Currently viewing the category: "Aphids, Scale Insects, Leafhoppers, and Tree Hoppers"
What's That Bug? does not endorse extermination

Beetle(?) Larva?
Location: Mims, Florida
December 10, 2010 7:56 pm
Found this little guy on my porch railing. Some eat color and some odd gyrations made him catch my eye. Question is…what the heck is he gonna be when he grows up? I put a dime in the corner of one of the images to give an idea of size…is he a baby cockroach?
PS Love the site…
Signature: Mark

Leafhopper Nymph

Dear Mark,
We were so puzzled by this guy, that at first we were not sure where to begin.
It does appear to be an immature insect, and we do not believe it is a larva of an insect with complete metamorphosis, which would eliminate the beetles.  Our gut instinct is that is looks like a member of the order Hemiptera, but the antennae seem wrong for that.  They are much longer than most members of the order.  Then we found an image on BugGuide of a Privet Leafhopper Nymph, Fieberiella florii, and it has enough similarities to your insect to embolden us that we are on the right track. Once we found an image on BugGuide of the nymph of a Leafhopper in the genus Gyponana, we felt we were close enough to the answer to post it and respond to you. Of the genus, BugGuide indicates:  “Very few species are readily identifiable based on external characters andPonana and Gypona nymphs are very similar but have dark markings.

Leafhopper Nymph

What's That Bug? does not endorse extermination

December 4, 2010
Today when the gardening crew came to lay down more decomposed granite in the front yard of our Mt Washington offices, I noticed this Scale Insect on several twigs of the California Black Walnut sapling that grew in the Devil’s Strip next to the fence.  When I went back to take the photograph, it had been pruned and left in the street by Paco the Gardener.  I took the photographs.  These Scale insects look suspiciously like the Cottony Cushion Scale,
Icerya purchasi, (See BugGuide) that was introduced from Australia and nearly devastated the citrus crop after its introduction in around 1868.

This identification is going to be our top priority as we are quite committed to saving the endangered California Black Walnut in Southern California, and most aggressively in the Mt Washington neighborhood of Los Angeles.

What’s That Scale???

Update: December 5, 2010
An internet search turned up a Google Book entry on Pests of Crops in Warmer Climates and Their Control by D.S. Hill and it indicates that the Cottony Cushion Scale can be found on English Walnut,
Juglans regia, so it might be safe to assume that it may also be found on California Black Walnut, Juglans californica.

Clare Marter Kenyon wrote
ugh. no. i don’t recall seeing this scale on juglans californica…
get rid of it pronto!

What's That Bug? does not endorse extermination

What kind of bug is this???
Location: Cleveland, Ohio
December 1, 2010 7:42 pm
Hello,
The other day I noticed about 100 of these bugs just appear in my house. Shocked by what was happening and was freaked out. They got all over clothes, floors and were crawling on the walls. I took a picture of one before I killed it hoping to understand what this is and where it came from?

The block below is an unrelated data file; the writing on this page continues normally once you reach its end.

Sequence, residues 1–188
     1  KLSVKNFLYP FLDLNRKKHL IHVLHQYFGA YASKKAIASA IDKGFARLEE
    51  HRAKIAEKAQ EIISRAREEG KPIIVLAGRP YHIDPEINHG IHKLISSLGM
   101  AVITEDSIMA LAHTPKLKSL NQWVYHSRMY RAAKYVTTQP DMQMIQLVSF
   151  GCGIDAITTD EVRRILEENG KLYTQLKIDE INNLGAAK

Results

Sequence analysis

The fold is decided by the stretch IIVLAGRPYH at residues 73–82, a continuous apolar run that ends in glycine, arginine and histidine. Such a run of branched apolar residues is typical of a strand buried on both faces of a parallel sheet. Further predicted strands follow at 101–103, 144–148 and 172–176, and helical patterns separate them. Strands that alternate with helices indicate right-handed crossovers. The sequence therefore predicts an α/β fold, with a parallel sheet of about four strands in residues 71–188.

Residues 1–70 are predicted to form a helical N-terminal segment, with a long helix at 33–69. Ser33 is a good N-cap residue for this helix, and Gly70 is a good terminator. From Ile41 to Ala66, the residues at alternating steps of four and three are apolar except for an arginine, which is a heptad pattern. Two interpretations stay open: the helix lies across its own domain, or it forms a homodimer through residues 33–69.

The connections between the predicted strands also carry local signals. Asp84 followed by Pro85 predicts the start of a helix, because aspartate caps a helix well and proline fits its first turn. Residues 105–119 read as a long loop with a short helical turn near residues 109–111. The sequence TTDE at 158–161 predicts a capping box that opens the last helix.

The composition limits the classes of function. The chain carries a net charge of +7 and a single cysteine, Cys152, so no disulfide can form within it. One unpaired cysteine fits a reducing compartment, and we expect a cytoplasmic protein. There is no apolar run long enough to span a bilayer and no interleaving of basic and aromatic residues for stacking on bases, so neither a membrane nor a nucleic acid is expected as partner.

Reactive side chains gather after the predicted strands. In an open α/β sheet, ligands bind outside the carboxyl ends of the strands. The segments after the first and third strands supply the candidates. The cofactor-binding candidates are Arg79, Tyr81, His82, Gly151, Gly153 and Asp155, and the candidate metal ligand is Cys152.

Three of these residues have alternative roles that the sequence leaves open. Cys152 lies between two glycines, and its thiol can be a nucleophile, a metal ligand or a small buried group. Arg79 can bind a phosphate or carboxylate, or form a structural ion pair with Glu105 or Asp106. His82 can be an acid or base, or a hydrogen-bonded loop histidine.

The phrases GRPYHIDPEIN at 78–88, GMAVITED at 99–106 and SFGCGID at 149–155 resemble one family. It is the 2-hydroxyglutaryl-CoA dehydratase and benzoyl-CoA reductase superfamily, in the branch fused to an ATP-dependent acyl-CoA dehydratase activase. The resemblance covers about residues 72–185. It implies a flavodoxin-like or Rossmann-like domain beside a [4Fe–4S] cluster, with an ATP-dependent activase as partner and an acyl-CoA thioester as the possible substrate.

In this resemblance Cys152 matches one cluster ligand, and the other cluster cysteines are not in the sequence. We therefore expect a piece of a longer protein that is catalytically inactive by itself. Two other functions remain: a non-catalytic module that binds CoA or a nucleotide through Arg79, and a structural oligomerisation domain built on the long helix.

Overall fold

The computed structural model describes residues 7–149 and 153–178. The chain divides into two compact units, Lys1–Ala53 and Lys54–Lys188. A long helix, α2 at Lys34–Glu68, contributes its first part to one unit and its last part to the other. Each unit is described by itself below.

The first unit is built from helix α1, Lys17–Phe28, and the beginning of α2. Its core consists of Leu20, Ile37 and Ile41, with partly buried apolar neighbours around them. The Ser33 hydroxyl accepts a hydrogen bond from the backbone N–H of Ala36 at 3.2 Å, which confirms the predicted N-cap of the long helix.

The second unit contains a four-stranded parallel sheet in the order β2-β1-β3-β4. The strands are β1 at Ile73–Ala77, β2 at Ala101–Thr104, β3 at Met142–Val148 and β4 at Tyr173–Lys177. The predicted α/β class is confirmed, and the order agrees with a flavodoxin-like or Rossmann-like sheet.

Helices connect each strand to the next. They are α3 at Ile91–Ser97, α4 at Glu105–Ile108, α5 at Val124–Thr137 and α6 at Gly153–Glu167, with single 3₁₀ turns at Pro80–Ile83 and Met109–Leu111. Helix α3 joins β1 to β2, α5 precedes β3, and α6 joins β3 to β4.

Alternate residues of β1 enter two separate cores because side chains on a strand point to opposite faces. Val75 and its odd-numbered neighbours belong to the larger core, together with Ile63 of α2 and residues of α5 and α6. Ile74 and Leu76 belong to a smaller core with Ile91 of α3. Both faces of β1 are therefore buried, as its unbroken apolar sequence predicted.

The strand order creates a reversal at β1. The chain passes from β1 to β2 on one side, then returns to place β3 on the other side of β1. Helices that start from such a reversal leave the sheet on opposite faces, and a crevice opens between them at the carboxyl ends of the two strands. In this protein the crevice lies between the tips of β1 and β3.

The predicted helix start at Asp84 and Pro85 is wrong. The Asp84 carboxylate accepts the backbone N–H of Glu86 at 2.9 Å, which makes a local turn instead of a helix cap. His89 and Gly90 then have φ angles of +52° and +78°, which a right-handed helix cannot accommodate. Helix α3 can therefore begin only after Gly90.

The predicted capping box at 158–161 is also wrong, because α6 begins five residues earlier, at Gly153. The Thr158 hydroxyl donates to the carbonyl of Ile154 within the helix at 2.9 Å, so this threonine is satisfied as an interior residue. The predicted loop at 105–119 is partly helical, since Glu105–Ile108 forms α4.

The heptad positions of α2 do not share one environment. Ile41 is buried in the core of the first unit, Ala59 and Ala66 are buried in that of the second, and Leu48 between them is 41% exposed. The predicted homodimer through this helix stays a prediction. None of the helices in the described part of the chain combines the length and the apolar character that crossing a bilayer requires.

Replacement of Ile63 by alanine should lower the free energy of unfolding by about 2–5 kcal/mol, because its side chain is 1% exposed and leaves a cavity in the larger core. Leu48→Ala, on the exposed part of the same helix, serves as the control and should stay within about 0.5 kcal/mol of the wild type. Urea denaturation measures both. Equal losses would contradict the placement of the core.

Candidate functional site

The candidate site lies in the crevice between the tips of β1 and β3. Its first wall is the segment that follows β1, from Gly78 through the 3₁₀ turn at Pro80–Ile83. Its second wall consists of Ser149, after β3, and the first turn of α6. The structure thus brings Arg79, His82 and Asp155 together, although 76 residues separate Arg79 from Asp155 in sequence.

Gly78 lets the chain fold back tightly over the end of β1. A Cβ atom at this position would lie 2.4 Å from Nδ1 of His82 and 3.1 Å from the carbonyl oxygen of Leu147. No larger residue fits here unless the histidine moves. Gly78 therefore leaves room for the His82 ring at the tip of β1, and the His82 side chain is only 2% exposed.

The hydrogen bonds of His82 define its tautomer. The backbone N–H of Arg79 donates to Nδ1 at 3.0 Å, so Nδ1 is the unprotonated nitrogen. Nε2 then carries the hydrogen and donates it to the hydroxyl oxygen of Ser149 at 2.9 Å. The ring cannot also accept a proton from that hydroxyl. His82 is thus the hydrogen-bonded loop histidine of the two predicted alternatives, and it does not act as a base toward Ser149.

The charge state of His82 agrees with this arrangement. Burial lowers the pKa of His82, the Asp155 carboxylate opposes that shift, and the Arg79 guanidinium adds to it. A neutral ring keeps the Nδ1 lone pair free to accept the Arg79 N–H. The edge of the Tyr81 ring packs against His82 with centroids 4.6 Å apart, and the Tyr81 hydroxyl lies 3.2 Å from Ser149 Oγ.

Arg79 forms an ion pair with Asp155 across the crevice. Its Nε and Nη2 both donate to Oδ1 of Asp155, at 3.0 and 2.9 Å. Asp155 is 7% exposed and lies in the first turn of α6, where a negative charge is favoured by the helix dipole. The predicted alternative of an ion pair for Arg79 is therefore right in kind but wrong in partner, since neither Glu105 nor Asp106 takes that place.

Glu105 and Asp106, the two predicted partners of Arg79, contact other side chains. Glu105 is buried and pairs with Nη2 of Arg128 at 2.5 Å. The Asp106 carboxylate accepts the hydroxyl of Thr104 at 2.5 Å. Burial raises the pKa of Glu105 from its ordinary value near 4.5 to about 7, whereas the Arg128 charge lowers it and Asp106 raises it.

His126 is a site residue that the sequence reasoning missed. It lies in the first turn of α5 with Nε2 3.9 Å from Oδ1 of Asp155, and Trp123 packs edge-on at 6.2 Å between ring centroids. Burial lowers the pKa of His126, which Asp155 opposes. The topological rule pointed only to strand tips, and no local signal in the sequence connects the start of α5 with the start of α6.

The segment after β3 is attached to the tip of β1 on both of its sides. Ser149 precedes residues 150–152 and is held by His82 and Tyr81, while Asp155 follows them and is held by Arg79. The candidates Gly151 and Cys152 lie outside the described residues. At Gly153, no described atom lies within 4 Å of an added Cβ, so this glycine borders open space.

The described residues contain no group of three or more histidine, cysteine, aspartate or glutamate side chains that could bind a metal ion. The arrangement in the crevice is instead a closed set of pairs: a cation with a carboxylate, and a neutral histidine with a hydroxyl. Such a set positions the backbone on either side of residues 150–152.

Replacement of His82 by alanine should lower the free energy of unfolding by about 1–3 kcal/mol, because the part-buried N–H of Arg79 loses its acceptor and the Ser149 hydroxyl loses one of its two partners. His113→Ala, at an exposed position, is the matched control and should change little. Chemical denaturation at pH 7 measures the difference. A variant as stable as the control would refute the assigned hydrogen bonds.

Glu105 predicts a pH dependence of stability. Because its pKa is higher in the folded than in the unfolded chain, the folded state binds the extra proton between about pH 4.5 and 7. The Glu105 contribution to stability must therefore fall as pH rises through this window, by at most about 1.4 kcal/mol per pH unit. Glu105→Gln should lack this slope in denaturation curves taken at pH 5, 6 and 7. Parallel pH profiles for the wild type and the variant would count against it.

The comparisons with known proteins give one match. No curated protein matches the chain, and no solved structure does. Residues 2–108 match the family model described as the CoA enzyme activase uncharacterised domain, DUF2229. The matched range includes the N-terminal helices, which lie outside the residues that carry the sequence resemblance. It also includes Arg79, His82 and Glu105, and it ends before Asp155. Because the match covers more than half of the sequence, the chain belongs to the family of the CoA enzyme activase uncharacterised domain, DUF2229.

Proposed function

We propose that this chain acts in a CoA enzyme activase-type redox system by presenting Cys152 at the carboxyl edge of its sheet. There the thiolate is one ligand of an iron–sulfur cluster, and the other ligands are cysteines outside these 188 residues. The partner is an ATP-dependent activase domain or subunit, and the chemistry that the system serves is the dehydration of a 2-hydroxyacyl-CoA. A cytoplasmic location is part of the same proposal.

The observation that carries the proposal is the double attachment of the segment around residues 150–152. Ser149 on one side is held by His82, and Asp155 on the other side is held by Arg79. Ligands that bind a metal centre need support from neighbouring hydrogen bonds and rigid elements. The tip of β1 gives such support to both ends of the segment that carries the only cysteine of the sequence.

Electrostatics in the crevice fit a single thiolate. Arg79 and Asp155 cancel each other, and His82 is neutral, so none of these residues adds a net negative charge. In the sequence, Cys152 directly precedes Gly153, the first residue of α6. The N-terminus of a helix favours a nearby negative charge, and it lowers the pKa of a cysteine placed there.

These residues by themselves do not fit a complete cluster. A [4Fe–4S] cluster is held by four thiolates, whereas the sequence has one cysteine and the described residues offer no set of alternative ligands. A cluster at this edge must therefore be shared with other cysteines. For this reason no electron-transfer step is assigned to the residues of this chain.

Its real small like 1/8” in diameter, black body with about three thorns on it’s butt.
Any advice would be helpful!
Signature: Mike

Aphid: Where did they come from???

Hi Mike,
We had to enlarge your photograph which degraded the image quality, but it appears that this is an Aphid in the family Aphididae.  According to BugGuide:  “Aphids may be identified by two tubelike projections on the posterior, called cornicles or siphunculi. These appear to function as a means of chemical defense, emitting pheromones to alert other aphids about a predator nearby. They also offer mechanical protection, as the fluid emitted can gum up the mouthparts of the predators.  Although many different aphid species are known, they may sometimes be identified by the host plant upon which they are found. However, several different species of aphid may infest a single plant species. An attempt to organize BugGuide’s aphid images by host plant is underway here.
”  Determining why they are in your home should result in resolving the problem.  Aphids feed by sucking the juices from plants, and many species are significant agricultural pests.  Did you recently purchase a new house plant?  Perhaps you recently brought plants back into the house that have spent the summer outside.  Maybe you just brought a live Christmas Tree indoors.  It is often quite difficult to determine the exact species of Aphid based on a photograph alone.  If these Aphids came from a live Christmas Tree, they might be Giant Conifer Aphids in the genus Cinara.  Of this group, BugGuide notes:  “They are, however, a problem for Christmas tree growers: customers don’t like large, conspicuous aphids in their homes, especially since they tend to abandon the tree as it starts to dry out.”  Aphids are not the only insects that enter the home on a Christmas Tree, and each year we get at least one letter from a person who suddenly finds Preying Mantids have hatched from an ootheca that came with the tree.

What's That Bug? does not endorse extermination

White bug with extended growths
Location: Sabah, Borneo, Malaysia
November 12, 2010 6:30 pm
Hi, We saw this bug in Sabah, Borneo in October. It was about 1” long and wide.